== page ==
Government failure


Governments can fail when they intervene in an economy. In economics, government ‘failure’ refers to an intervention that results in an inefficient use of scarce resources, often as a result of attempting to correct a market failure.

As with ‘market failure’ government failure can be considered ‘partial’ if intervention improves efficiency in one area, but at the cost of inefficiency in another area. In theory, it can also be ‘complete’, when the intervention only leads to inefficiency, with no compensating efficiency gains.

For example, a partial government failure could arise as a result of providing a subsidy to a failing or underperforming industry. While the subsidy might result in a failure because it may inhibit industry from attempting to find its own efficiency gains to improve its position, it could help protects jobs, hence saving the economy from paying unemployment benefits. The actual effect will depend on how the subsidy is actually used – if it is used to acquire new technology, and train workers, then productivity can improve, with efficiency gains.

A complete government failure is highly unlikely, given that additional spending in an economy is likely to generate some level of efficiency improvement at some point in the circular flow of income.

Perhaps the clearest example of complete government failure would be when tax payer's money went wholly towards funding a ‘failed’ project, or where, for example, international aid is used exclusively to support a corrupt regime.

How the level of failure is assessed is, of course, itself subject to failure given that inefficiencies may be difficult to identify, and to qualify in the short run, but especially in the long run.

Types of government failure

Lack of information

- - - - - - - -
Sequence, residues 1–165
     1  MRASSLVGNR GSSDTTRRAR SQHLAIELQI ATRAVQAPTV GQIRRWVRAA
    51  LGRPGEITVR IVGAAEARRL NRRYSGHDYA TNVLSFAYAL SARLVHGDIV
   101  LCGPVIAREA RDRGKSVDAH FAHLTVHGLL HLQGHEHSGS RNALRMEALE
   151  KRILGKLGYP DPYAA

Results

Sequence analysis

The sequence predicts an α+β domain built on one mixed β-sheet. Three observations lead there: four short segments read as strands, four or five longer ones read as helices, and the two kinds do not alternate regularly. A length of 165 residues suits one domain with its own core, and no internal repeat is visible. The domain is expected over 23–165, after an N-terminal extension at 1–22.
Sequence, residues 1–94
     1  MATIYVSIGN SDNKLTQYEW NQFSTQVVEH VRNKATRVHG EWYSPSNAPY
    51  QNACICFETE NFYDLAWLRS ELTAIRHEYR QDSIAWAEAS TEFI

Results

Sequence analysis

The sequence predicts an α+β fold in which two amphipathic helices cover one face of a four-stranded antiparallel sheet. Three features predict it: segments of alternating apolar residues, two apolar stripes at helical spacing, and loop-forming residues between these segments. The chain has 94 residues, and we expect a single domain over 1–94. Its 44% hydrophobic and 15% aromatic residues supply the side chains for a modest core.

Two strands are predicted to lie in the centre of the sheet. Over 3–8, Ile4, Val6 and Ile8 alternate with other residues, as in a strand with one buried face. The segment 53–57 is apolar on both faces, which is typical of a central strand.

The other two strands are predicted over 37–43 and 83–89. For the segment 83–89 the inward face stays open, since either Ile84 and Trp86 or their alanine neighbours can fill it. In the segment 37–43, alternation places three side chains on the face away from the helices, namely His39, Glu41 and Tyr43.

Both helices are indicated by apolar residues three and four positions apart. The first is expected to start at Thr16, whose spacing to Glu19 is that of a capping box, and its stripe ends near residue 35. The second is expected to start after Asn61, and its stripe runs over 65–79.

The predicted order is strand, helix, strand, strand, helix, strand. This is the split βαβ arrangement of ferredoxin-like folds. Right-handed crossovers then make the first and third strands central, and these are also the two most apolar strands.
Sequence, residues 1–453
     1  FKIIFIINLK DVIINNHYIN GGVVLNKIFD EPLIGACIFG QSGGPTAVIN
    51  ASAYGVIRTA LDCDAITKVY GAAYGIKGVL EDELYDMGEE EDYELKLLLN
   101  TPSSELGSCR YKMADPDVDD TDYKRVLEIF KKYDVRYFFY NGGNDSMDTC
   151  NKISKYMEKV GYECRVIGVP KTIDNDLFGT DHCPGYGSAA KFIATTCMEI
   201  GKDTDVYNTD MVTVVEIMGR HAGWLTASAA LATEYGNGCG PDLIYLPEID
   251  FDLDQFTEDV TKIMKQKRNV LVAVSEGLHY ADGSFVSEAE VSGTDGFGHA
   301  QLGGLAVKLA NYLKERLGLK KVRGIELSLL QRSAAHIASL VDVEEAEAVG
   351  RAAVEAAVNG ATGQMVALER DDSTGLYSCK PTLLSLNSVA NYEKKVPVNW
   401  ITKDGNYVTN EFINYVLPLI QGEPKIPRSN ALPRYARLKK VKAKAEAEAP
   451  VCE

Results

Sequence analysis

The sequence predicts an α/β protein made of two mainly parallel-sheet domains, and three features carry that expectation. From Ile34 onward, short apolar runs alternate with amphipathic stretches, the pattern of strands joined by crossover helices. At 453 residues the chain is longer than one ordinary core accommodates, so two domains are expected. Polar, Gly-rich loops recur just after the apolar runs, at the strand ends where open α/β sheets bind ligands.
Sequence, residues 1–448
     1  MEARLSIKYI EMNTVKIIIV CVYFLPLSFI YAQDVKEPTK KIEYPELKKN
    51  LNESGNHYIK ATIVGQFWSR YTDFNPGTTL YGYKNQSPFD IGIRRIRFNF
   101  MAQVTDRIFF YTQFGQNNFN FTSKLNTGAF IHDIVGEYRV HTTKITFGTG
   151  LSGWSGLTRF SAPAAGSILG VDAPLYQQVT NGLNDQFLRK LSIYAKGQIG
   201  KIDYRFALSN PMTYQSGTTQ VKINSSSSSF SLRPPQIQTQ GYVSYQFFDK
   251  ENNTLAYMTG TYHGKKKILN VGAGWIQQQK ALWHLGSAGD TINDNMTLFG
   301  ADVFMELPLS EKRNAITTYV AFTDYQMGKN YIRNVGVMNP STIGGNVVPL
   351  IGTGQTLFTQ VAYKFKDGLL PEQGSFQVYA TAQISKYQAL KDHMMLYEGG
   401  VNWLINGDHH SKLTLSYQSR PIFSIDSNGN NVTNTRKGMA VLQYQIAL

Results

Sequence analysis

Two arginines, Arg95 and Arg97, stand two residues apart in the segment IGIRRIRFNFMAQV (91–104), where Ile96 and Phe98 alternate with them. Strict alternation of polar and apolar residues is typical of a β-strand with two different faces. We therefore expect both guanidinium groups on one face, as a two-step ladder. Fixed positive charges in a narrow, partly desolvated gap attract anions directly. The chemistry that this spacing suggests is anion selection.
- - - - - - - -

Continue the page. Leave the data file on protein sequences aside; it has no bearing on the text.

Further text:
Effective intervention in an economy requires accurate and comprehensive knowledge of macro-level data, including current levels of inflation, unemployment, trade flows, growth rates, and so on. Official data on such variables cannot be expected to provide a ‘complete’ picture.

Indeed, much activity may be hidden from measurement as it takes place in the ‘hidden economy’. The hidden economy is composed of three elements:

  1. The ‘shadow’ economy, which includes firms and individuals who are pursuing legal production or work activities, but who may hide some or all of their income;
  2. The ‘underground’ economy, which involves illegal activities, such as burglary, and;
  3. The ‘informal’ economy, which includes small scale enterprise which remain unregistered.

There are, of course, ways to estimate the size of the shadow economy, which include:

  1. Surveys of companies and households.
  2. Assessing discrepancies between official data on difference aspects of an economy.
  3. Changes in monetary variables not tallying with measurements in the real economy.
  4. Changes in the demand for currencies.
  5. Electricity consumption as an indicator of economic activity.

Several influential economists, including Milton Friedman, have argued that governments can never know enough about an economy to adoptive active and interventionist policies, and as a consequence advocated highly conservative approaches to policy.

For example, control of the money supply to achieve a desirable inflation rate would be more preferable to active monetary policy (by increasing the money supply) because its effects were uncertain. While knowledge is likely to improve over time it is inevitable that government intervention will be subject to some information failure.

Time lags

Similarly, information flowing to policy makers may be out of date as soon as it is published. Even the most ‘up-to-date’ information will be painting a picture of what was happening several months, or possible years ago. This means that the timing of policy interventions may not be optimal - with some policy decisions taken too late and some possibly too early.